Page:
weigh at least 100 grams. If all of a constituent in the
sample completely dissolved or leached into the
extraction fluid during the tumbling cycle, then the
concentration of the constituent in the extraction
fluid will always be 20 times less than its original concentration in the sample, because it is diluted to
1/20th of its original concentration. For example, an
original 100 gram soil sample contains a total concentration of 200 ppm lead. The soil sample is diluted
with 20 times as much extraction fluid. The sample is
tumbled and filtered, and the extraction fluid is analyzed. If all of the lead in the sample dissolved in the
extraction fluid, the concentration of lead in the
extraction fluid would be 1/20 of 200ppm or 10ppm
lead.
This required 20:1 dilution ratio of the extraction
fluid to the sample allows generators to use another
option to determine if a waste is hazardous, using the
total waste analysis result and the “Rule of 20” concept from the TCLP procedure. Here’s how it works:
The total concentration results can be divided by
20 and compared to the regulatory concentrations on
the TCLP list. If the result is less than the TCLP regulatory limit (for each respective TCLP constituent of
concern) then the waste is not a “toxicity characteristic” hazardous waste. Or, if the total concentration of
a chemical is less than 20 times the TCLP regulatory
limit, then the sample cannot leach enough of that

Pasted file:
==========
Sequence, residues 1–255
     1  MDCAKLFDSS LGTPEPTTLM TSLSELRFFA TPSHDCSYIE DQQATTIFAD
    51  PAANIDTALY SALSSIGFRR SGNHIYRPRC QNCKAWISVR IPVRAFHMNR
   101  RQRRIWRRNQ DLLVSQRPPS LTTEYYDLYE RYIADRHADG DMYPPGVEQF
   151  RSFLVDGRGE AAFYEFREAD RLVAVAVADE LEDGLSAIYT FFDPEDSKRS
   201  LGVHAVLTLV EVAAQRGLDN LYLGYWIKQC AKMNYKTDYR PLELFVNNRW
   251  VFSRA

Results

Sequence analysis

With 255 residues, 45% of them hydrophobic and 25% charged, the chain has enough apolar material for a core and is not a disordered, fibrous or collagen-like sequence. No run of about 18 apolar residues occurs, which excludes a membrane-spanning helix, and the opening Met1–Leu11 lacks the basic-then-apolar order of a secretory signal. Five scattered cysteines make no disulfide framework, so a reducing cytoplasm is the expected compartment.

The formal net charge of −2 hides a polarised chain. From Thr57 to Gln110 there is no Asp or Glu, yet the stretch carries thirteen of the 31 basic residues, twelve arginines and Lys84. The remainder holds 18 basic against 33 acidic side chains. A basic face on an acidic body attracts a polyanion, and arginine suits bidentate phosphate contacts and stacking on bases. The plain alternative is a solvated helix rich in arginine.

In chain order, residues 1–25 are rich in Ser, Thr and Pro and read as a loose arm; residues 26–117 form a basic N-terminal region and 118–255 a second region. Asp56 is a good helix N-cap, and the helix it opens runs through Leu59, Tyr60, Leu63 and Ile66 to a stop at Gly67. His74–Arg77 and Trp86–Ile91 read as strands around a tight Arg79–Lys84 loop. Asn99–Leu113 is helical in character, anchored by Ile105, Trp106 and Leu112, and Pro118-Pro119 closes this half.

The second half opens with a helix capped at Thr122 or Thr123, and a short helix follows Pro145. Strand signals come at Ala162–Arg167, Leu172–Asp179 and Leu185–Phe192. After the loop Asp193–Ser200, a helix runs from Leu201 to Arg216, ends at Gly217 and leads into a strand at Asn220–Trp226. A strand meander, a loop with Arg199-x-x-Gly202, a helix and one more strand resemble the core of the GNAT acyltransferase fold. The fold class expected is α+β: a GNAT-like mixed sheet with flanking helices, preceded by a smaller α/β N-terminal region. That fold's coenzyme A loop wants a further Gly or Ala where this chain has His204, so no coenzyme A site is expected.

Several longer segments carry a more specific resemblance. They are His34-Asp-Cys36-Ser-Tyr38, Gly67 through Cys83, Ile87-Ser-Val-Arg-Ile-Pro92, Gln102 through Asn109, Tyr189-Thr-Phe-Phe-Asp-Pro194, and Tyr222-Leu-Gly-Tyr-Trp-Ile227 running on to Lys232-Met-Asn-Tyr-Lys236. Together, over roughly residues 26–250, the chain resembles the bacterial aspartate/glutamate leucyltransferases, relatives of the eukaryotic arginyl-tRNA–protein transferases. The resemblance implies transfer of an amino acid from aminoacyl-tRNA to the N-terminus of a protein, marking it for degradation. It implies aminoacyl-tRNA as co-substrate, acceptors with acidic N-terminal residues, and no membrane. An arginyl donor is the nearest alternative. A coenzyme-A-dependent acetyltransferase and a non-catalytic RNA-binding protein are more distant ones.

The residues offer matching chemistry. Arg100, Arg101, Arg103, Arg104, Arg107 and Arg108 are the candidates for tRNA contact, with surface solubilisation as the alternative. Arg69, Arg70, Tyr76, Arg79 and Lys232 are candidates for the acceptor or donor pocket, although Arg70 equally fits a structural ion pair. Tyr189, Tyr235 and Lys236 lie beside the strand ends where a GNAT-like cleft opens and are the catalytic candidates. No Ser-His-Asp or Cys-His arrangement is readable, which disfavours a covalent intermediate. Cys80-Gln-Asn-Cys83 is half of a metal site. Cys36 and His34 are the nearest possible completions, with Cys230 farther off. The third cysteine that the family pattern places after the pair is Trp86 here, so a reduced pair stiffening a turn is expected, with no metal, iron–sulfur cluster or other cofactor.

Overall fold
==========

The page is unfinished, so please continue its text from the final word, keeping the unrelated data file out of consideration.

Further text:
constituent to fail the TCLP limit, even if all the
chemical dissolved into the extraction fluid. This
works because the total analysis represents the total
amount of chemical present in the sample and if the
total concentration is less than 20 times the TCLP
regulatory limit of that constituent, then the sample
could not possibly “leach” enough of the chemical
under TCLP conditions to fail the TCLP limit even if
all the chemical dissolved into the extraction fluid.
Metal
Arsenic
Barium
Cadmium
Chromium
Lead
Mercury
Selenium
Silver
TCLP Limit
5.0
100
1.0
5.0
5.0
0.2
1.0
5.0
20 x TCLP limit
100
2000
20
100
100
4
20
100
NOTE: If your total analysis results are equal to more
than 20 times the TCLP limits the waste may be a
hazardous waste and should be handled as such until
further testing, using the TCLP analysis, confirms the
waste’s toxicity characteristic results.
Although prices may vary from lab to lab, a “total
waste analysis” for metals or organics is cheaper than
a TCLP test because of the simplified testing procedure of the total analysis. If in doubt about what test
is needed for your waste stream, call one of the statecertified labs listed in KDHE’s Hazardous Waste
Generator Handbook or call the Pollution Prevention
Institute for assistance at 800-578-8898. A list of the
TCLP constituents, their respective regulatory levels,
and state-certified labs are in the handbook referenced
above (available at http://www.kdhe.state.ks.us/waste/
apps-hw/HW_Gen_Hndbk_2000.pdf ).
Resources
http://gcisolutions.com/HWFN0593.htm (decision
tree for test choice)
http://www.encolabs.com/tclpnote.htm (explains the
concept behind the Rule of 20)
http://www.kdhe.state.ks.us/labs/download.html (list of
certified labs by KDHE Division of Laboratories, go
to “Labs Approved for Environmental Testing” link)
The Small Business Environmental Assistance Program’s (SBEAP) mission is to help Kansas small businesses comply with environmental regulations and identify pollution prevention opportunities. SBEAP is funded through a contract with the Kansas
Department of Health and Environment. SBEAP services are free and confidential. For more information, call 800/578-8898,
send an e-mail to [email protected], or visit our web site at http://www.sbeap.org. Kansas State University is an EEO/AA provider.
Kansas SBEAP
December, 2001